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Paivatar: Finnish Goddess
By Cheryl
(Written for Ecclasia)


What we know of Finnish mythology comes mostly from the epic work Kalevala, the 22,000 collected verses by Elias Lonnrot. Within it are several cosmologies: stoneage myths, ideas adopted from the Viking adventurers, Christian legeds, poems of the countryfolk and traditions passed along by witches.

The Goddess Paivatar is the virginal sun goddess who lives in the sky and weaves the golden light of day. Her sister is the moon goddess who weaves the silver light of the moon.

Paivatar's symbols are connected to spinning and weaving. For the Finns, their gods were related to their severe living conditions, and were essential for survival. Nature and everyday life were seeped in magic. Spinning and weaving played an enormous role in the lives of the women. They'd spend long hours spinning thread and weaving the cloth required to clothe the village and outfit the sailboats. While spinning and weaving, the women told stories:

One day the sun was stolen away by a witch named Louhi, who used a magical song to freeze the sun inside a metal mountain. For five years, it was night and for ten more years, even the stars lost their twinkle.

Even the Gods could stand it no more. They called Vainomaoien and Ilmarinen to solve the problem and rescue Paivatar. They wanted to forge a new sun of metal, using the heat from the sun's baby, fire. The child had been lost by Paivatar -- was in a cradle with Paivatar rocking him when he grew so hot, he burned right through the cradle and fell from the sky.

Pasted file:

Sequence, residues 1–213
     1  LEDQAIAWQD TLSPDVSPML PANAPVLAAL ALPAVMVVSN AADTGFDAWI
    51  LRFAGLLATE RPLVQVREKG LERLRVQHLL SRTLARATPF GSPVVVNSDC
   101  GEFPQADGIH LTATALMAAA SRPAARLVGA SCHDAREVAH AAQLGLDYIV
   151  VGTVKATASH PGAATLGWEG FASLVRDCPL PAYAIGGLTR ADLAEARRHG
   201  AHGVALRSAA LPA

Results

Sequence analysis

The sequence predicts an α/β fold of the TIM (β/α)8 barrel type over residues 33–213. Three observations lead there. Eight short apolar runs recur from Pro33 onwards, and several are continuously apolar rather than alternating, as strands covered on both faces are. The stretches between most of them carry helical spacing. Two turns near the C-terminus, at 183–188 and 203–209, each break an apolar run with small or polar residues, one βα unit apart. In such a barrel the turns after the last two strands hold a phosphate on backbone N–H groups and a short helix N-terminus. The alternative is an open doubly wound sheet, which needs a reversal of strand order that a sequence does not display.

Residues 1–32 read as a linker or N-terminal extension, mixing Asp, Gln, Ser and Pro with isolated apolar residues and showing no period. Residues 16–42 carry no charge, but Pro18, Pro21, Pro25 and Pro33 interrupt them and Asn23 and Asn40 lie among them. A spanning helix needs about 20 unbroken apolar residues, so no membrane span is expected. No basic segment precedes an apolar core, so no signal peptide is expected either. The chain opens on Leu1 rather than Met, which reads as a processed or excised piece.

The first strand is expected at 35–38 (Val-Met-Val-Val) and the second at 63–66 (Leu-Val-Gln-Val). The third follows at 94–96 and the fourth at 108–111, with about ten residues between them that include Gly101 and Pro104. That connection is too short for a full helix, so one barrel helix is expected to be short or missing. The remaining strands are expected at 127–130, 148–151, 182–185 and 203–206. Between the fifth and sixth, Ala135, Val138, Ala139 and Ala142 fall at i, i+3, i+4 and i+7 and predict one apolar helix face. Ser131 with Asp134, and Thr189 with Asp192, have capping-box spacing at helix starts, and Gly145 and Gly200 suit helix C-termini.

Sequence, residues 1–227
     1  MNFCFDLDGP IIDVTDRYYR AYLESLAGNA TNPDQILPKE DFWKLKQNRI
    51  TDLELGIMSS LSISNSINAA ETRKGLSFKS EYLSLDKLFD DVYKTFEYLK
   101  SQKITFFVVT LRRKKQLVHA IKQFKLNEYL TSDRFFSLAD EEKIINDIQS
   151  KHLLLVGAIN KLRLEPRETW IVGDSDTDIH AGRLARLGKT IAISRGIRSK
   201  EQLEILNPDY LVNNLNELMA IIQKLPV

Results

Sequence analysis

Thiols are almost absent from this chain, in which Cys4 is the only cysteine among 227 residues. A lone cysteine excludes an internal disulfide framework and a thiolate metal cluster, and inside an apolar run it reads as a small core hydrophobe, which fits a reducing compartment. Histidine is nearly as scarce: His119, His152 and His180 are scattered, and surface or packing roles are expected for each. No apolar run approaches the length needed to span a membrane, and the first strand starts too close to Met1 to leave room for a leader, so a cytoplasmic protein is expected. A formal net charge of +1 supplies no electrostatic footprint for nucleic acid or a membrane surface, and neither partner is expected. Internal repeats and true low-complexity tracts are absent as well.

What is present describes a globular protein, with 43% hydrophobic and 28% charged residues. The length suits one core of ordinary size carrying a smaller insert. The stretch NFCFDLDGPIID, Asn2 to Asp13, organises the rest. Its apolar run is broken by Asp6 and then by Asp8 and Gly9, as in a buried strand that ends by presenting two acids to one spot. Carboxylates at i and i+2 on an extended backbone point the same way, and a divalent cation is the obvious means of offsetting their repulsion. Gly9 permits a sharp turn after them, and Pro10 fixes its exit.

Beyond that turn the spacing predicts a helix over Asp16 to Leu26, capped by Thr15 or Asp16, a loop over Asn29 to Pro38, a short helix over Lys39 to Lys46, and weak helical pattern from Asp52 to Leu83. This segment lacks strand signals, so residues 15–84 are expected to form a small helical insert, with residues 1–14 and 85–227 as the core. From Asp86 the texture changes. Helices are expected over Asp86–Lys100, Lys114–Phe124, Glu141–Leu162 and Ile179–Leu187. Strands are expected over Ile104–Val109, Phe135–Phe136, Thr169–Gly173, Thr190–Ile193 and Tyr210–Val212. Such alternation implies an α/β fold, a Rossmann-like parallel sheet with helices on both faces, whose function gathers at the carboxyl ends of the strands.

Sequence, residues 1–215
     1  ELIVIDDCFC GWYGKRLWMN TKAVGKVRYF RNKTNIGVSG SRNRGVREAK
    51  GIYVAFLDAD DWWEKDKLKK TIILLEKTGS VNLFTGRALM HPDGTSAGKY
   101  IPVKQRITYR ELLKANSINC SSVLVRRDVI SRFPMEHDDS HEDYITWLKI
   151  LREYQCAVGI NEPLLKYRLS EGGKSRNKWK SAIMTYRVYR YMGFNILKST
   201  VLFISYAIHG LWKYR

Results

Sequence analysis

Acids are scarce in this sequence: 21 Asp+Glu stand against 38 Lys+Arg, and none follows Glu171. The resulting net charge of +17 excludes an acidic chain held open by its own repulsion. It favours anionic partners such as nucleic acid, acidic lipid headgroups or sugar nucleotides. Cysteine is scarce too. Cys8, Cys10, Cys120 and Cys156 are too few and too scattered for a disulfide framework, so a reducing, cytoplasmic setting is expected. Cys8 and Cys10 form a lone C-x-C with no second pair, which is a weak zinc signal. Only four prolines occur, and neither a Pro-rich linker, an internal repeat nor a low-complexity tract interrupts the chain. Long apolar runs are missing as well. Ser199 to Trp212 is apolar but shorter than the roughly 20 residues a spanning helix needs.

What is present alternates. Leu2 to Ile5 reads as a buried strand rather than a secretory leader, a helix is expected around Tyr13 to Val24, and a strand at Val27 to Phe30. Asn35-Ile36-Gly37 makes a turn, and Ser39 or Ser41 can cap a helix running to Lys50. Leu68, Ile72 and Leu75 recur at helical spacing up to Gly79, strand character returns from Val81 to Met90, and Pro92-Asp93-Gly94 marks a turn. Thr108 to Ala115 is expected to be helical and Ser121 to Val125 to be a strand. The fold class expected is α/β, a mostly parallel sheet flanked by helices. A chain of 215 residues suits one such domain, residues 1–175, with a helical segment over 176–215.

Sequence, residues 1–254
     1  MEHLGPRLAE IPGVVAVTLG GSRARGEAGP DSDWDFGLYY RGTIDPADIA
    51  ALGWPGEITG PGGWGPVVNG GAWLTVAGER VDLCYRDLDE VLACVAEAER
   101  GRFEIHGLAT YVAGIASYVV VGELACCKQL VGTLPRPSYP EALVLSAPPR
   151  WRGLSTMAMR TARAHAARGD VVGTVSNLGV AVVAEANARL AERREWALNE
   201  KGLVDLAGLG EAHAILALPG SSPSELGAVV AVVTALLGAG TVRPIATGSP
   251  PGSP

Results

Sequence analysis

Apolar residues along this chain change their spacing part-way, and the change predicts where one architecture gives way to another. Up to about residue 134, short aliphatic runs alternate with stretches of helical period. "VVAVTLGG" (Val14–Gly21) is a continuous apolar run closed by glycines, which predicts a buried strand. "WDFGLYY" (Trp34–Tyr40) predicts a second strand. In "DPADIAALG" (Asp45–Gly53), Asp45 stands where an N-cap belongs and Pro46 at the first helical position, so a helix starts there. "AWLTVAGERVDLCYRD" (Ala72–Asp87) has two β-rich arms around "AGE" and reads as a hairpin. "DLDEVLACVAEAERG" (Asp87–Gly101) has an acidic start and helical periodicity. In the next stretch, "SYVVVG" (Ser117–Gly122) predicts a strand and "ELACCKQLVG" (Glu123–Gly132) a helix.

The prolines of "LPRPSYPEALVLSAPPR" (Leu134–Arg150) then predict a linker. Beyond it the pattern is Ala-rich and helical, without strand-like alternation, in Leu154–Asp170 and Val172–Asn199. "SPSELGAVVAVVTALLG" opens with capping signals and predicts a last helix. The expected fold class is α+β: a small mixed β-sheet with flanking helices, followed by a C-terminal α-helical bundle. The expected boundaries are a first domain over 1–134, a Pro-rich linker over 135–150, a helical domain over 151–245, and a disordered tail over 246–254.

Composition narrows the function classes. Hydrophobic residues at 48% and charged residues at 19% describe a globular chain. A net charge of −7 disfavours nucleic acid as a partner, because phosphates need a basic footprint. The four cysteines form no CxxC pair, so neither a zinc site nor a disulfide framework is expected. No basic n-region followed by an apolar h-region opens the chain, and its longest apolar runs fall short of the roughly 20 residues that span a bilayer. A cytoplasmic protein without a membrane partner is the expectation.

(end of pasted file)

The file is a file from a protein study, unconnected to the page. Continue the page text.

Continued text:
Ilmarinen, a highly skilled smith, forged a new sun and moon. With great difficulty he lifted the metal discs into the sky, but the sun still did not shine and the moon did not glow. They hung in the sky, but the world remained dark.

At that point, Vainomaoien, the poet, lost his temper and stormed Louhi's house, demanding the crafty witch tell him where the Goddess was hidden. Louhi taunted him: "The sun got into the crag, the moon vanished into the rock, and they will never be free! Never, never, never!"

Vainomaoien grew angry at her taunting and lopped the heads off her men. He then went to find Paivatar.

On the way, he found nine doors, each with three locks. So Ilmarinen set out to forge a three-tined hoe, ice picks and a set of keys. While he worked, Louhi grew nervous and flew to the window of the smithy disguised as a bird. Ilmarinen recognized Louhi and told her he was fashioning a neck ring for that crafty old Louhi.

Terrified, Louhi flew off and freed the sun. She returned to the smithy as a pigeon and said "Look! The sun is rising!" And so it was. The sky maiden warmed the earth and she will remain with us evermore.

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This page last updated November 23, 2004